Sky happenings In December 2017


December 3, 2017
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This star map shows the Houston sky at 8 pm CST on December 1, 7 pm CST on December 15, and dusk on December 31.  To use the map, put the direction you are facing at the bottom

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Mars is higher in the southeast at dawn than it was last month.  It is in Virgo, leaving Spica and approaching Jupiter in Libra.
 
Jupiter is low in the southeast at dawn; watch Mars approach it this month. 
 
Saturn is lost in the Sun’s glare and out of sight this month.  
 
Venus is also lost in the Sun’s glare and invisible.
 
The Summer Triangle sets in the west.   Watch for the Great Square of Pegasus almost overhead at dusk now and in the west by Christmas.  Taurus, the Bull rises in the east.  Look for the Pleiades star cluster above reddish Aldebaran.  Dazzling Orion, the Hunter rises shortly after dusk (by month’s end, it is already up at dusk).  As Orion enters the evening sky, we transition from the relatively dim evening skies of autumn to the brilliant stars of winter. We are beginning to face away from the center of the galaxy, looking at stars behind us in our own part of our galaxy (the Orion Spur).
 
Moon Phases in December 2017:
 
 
 
 
Full                               Dec. 3, 9:46 a.m.             Last Quarter                  Dec. 10, 1:51 a.m.
 
New                              Dec. 18, 12:30 a.m.            1st Quarter                    Dec. 26, 3:20 a.m.
 
The Super Moon And The Winter Solstice
 
 
The Full Moon of December 3 happens to coincide with perigee (Moon’s closest approach to Earth), making this another ‘supermoon’.  Although the Moon is slightly larger in the sky because it is also closer than usual, an adult’s pinky held at arm’s length still covers it up.
 
At 10:27 am on  Thursday, December 21, the Sun is directly overhead as seen from the Tropic of Capricorn—the farthest point south from which the Sun ever appears overhead.  This means that Earth’s North Pole is tilted away from the Sun as much as possible, and that this moment is the winter solstice for us in the Northern Hemisphere. On this date the Sun takes its lowest, shortest path across our sky as Earth turns under it.  In Houston, we have ten hours, fourteen minutes of daylight, less than on any other day of the year.  The South Pole, on the other hand, is tilted towards the Sun as much as possible on the 21st.  for folks south of the equator, this is the summer solstice, with more daylight than any other day of the year.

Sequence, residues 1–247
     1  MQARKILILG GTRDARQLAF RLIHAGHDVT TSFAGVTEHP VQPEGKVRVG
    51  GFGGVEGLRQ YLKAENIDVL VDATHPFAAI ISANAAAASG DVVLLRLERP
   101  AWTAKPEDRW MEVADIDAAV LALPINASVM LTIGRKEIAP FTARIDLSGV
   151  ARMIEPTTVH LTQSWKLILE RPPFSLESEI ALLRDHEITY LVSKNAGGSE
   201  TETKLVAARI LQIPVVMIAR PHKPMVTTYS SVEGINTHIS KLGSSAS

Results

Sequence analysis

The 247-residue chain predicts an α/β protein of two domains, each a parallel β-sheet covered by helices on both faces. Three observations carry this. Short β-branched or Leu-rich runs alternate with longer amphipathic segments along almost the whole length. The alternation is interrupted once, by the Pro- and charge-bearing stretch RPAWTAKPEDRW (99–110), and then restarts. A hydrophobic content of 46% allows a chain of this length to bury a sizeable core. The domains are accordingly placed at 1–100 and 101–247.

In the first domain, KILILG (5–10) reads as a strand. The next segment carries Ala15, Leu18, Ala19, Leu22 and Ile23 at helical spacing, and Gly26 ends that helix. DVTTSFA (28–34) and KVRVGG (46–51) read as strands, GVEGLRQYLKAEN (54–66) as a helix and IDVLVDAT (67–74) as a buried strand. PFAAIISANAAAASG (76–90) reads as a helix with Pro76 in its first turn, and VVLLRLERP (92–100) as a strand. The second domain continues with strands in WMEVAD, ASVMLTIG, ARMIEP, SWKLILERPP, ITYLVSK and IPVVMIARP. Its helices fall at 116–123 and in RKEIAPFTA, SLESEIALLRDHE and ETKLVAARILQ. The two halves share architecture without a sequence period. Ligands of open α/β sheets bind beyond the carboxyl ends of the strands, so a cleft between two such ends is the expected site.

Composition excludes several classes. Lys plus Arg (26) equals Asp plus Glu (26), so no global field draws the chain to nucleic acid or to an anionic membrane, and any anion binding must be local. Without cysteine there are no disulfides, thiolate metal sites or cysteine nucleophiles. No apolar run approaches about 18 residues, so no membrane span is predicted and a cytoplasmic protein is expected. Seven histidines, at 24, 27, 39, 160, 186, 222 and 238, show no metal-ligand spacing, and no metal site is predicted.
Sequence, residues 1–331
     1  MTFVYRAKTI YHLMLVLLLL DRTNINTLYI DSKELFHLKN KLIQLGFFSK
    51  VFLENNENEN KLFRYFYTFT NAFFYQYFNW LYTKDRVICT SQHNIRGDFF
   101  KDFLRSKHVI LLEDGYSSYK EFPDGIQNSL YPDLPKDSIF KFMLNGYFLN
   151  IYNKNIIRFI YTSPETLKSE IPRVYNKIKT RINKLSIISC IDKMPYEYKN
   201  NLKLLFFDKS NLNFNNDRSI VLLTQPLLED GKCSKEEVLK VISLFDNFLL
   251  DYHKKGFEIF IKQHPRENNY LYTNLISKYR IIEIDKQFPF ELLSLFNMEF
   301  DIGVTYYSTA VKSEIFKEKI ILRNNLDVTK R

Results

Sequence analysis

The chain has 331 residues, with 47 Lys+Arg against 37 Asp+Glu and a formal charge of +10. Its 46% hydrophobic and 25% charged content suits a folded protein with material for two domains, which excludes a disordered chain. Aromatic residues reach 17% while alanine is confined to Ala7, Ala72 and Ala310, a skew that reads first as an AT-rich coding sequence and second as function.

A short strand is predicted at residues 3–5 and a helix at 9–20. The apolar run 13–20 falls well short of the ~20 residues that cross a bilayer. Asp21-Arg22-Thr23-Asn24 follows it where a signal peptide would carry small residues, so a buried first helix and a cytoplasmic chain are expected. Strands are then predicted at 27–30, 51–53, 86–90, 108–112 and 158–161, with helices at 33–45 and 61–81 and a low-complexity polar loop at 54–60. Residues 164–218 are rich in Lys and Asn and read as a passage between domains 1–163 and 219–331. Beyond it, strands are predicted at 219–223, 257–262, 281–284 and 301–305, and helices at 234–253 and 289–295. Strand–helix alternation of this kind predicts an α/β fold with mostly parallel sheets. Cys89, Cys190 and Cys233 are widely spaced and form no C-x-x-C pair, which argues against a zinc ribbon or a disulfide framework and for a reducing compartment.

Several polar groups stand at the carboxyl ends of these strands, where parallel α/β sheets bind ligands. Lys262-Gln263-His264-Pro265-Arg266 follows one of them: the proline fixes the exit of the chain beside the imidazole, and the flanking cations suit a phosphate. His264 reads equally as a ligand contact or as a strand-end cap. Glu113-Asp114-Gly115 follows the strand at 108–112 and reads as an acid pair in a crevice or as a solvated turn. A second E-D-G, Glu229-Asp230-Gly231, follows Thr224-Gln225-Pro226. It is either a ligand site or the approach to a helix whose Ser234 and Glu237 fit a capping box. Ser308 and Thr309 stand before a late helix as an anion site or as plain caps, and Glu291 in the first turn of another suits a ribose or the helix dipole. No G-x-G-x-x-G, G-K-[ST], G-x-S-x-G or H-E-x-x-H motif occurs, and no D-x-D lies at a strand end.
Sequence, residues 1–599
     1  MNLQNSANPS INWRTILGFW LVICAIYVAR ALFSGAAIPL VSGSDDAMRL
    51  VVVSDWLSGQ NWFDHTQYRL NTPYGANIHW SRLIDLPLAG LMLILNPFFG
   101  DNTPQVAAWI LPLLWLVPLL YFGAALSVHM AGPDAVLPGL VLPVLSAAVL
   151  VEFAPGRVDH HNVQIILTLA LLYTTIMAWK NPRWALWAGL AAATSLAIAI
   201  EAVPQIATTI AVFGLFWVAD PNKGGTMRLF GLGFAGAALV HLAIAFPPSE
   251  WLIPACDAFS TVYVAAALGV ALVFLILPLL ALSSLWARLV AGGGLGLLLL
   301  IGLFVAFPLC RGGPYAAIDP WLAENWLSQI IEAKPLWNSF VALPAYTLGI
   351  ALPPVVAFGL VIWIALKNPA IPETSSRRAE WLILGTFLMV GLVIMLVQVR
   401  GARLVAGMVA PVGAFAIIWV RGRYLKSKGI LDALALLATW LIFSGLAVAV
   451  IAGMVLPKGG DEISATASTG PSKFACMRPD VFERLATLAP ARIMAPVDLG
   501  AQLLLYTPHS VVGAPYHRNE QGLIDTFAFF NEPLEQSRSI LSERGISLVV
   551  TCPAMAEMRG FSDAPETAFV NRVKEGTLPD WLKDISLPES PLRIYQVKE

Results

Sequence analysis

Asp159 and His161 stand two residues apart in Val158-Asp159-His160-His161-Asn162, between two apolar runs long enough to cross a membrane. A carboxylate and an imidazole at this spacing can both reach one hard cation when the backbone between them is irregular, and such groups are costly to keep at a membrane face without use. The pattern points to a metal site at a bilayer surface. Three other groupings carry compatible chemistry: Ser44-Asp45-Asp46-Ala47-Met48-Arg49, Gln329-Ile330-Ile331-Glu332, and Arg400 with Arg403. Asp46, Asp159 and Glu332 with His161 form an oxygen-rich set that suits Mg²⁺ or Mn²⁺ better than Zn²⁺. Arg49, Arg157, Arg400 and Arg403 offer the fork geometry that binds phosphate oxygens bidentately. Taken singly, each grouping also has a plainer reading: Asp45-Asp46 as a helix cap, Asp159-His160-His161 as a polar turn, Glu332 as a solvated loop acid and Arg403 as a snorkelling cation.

You will notice, however, that sunset on New Year’s Eve is up to ten minutes later than on December 1.  Why, if the 31st is closer to the solstice?  Although the shortest day (least daylight) occurs on December 21, the earliest sunset occurs for us about December 1.  This is because the Sun’s apparent positon in our sky varies like a sine wave; there is little difference in the Sun’s apparent height for about a month before and after the solstice.  Due to Earth’s tilt, the Sun does indeed take a shorter, lower path across the sky on December 21 than on December 1, but only by about 1.5 degrees (your pinky at arm’s length blocks one degree).  Meanwhile, Earth is slightly accelerating as it approaches perihelion just after the new year.  This makes both sunrise and sunset happen a little earlier each night during December.  Near the solstice, this small effect can dominate.  Since most of us sleep through sunrise and watch sunset, days will seem to lengthen from December 1-21 when they are in fact still getting shorter. 
 
George Observatory is open to the public once again!  Come join us any clear Saturday night.  
 
Clear Skies!
James
Authored By James Wooten

James is the Planetarium Astronomer at the Houston Museum of Natural Science. He teaches students every school morning in the planetarium, and also answers astronomy questions from the public.

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